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Shantytowns of the mind

I have not yet seen Slumdog Millionaire,Danny Boyle’s film that has picked up four Golden Globe awards...

I have not yet seen Slumdog Millionaire,Danny Boyle’s film that has picked up four Golden Globe awards. No,not even a pirated CD of it. I have only watched some trailers and read reviews. Like others,I wait for its release in India. Whether it now goes on to win one or several Oscars is anyone’s guess. What is certain is that the film has placed the Mumbai slum,and more specifically Dharavi,at the centre of the world’s entertainment stage.

Is that a bad thing? Remember the film City of God,the 2002 Brazilian crime drama set in the favelas (slums) of Rio de Janeiro that exposed the dark underside of the violent existence of the urban poor? It got four Oscar nominations and one Golden Globe although it did not win either. But the film,although fiction,brought home a reality that perhaps Brazilians don’t necessarily want publicised.

Another “slum film”,so to speak,was Tsotsi,set in Soweto,the large sprawling settlement outside Johannesburg in South Africa,which won several awards in 2005. Again,like City of God,through a work of fiction,the life of people in that “slum” came alive to audiences across the world.

So what about our slums — constituting half of Mumbai and more than one third of most other cities in this country? Is it a bad thing that they are now the subject of films that go on to win awards? Perhaps not. Is there only one way of looking at the life of those who live in these wretched conditions? Or is it possible to show the worst but also appreciate the difference,the grit? If an “outsider” like Boyle depicts this difference,should we celebrate? Or be critical?

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Slumdog Millionaire is a story,a gripping one we are told. And if through it the world gets a peek at an India inhabited by millions of people who continue to live their lives without clean water,or sanitation,or electricity,what is the problem? After all,everyone knows that even as we concentrate on fraud at the highest level in our most “shining” sector,and write about the recession that will affect the salaried class,the majority of Indians inhabit another space without the Sensex or job security.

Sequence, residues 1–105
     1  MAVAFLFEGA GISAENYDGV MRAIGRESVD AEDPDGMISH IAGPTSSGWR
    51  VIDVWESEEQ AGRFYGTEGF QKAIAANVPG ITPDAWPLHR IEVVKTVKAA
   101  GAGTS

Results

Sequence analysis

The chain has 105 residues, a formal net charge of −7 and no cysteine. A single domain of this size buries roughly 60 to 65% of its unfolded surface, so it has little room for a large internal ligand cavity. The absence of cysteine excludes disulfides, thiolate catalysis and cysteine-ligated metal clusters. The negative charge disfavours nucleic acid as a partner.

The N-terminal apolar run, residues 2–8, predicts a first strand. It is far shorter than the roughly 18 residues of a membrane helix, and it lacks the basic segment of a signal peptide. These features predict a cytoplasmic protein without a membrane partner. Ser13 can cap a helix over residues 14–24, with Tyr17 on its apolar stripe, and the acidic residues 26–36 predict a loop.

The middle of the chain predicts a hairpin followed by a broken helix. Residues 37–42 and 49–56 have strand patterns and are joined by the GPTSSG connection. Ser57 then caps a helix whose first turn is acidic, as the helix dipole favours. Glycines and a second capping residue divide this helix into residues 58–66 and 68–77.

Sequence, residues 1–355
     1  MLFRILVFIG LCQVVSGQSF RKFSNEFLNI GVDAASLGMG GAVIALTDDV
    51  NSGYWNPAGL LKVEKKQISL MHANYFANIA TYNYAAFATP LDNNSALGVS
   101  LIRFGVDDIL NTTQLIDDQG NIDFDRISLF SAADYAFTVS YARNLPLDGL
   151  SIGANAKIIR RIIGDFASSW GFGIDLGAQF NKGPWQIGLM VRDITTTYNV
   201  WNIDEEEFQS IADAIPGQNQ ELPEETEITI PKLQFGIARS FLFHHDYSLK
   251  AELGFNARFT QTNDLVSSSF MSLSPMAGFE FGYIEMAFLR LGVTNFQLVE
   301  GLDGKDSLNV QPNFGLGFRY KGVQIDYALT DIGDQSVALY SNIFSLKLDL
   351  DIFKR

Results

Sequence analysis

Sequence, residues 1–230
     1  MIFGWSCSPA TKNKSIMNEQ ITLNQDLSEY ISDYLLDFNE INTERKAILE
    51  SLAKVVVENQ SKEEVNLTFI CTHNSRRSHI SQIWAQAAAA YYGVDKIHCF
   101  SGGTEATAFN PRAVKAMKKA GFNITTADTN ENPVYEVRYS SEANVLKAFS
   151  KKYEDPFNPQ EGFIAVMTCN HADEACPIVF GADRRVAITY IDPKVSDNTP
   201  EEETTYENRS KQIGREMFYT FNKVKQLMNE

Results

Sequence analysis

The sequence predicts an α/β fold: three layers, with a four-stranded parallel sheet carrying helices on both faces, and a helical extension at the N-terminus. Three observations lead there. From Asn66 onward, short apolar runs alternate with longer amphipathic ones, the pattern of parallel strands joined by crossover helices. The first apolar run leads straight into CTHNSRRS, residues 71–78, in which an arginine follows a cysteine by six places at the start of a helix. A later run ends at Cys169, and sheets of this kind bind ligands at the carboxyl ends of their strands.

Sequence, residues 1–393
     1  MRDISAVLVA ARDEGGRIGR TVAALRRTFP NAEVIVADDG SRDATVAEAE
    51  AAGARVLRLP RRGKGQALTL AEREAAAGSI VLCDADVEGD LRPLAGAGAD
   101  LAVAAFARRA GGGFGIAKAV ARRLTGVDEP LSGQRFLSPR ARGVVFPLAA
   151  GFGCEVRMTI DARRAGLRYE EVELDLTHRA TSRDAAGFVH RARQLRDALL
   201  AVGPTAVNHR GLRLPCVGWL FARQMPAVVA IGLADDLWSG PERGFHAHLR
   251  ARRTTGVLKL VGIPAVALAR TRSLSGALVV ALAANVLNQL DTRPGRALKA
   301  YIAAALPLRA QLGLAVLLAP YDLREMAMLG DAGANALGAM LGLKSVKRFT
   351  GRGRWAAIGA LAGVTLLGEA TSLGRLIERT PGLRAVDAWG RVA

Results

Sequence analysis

If the film had not won awards,been feted in the West,what would our response have been? Would we have been angry that an “outsider” has dared to make a film about our poverty? Would we have lambasted Boyle and the scriptwriter for not really understanding urban poverty? Would we have dismissed the film as silly and superficial? Possibly.

But now that will never be so because Slumdog Millionaire is a hit. And even before it opens in India,its place in cinematic history has been assured. A few critics here might well slam it. But our middle class will lap it up. It is poverty couched in romance. It doesn’t challenge our beliefs. It leaves us celebrating the “spirit” of the poor and downtrodden much as Mumbai’s “spirit” is constantly celebrated after a terror attack when the city picks itself up and gets back to work.


But Slumdog Millionaire’s success raises some deeper questions. How do we depict poverty as writers,filmmakers,journalists? Is it fair to expect us all the time to give a full,balanced,sensitive portrayal? Or is it inevitable that we write and film for our audiences? And if,as a byproduct,people are sensitised,so be it. Also,if they are annoyed,so be it. If we are considered exploitative,so be it.

When I wrote my book on Dharavi,I was surprised to come across many stories of people who had done well for themselves despite the system. I also found no self-pity in the people I spoke to. They did not expect charity. They knew what they needed to do. Should I not have written about such people just because the problem that Dharavi represented,that of crushing urban poverty,still remained unaddressed? By writing about these rags to riches stories,was I romanticising poverty,taking away the edge from it,allowing people’s consciences to be assuaged? Or was it my task as a writer to depict as honestly as I could both the highs and the lows of the issue of urban poverty,and of the lives of the people who told me their stories? Who was I to judge whether the story of someone who remained condemned to remain in poverty was superior to someone else who had managed to pull herself up by the bootstraps and make something of her life?

In the end you realise that as a writer,a journalist or a filmmaker, the best you can do is to shine a torch,a searchlight,on an entrenched problem. But the solution will not be found merely by that illumination. For that,there are many more steps to be taken. Slumdog Millionaire has focussed its lens on the children of India’s slums through a work of fiction. What we do to change their future is the non-fiction that has yet to be written.

Sharma is the author of ‘Rediscovering Dharavi: Stories

from Asian’s Largest Slum’.

First published on: 14-01-2009 at 01:56:03 am
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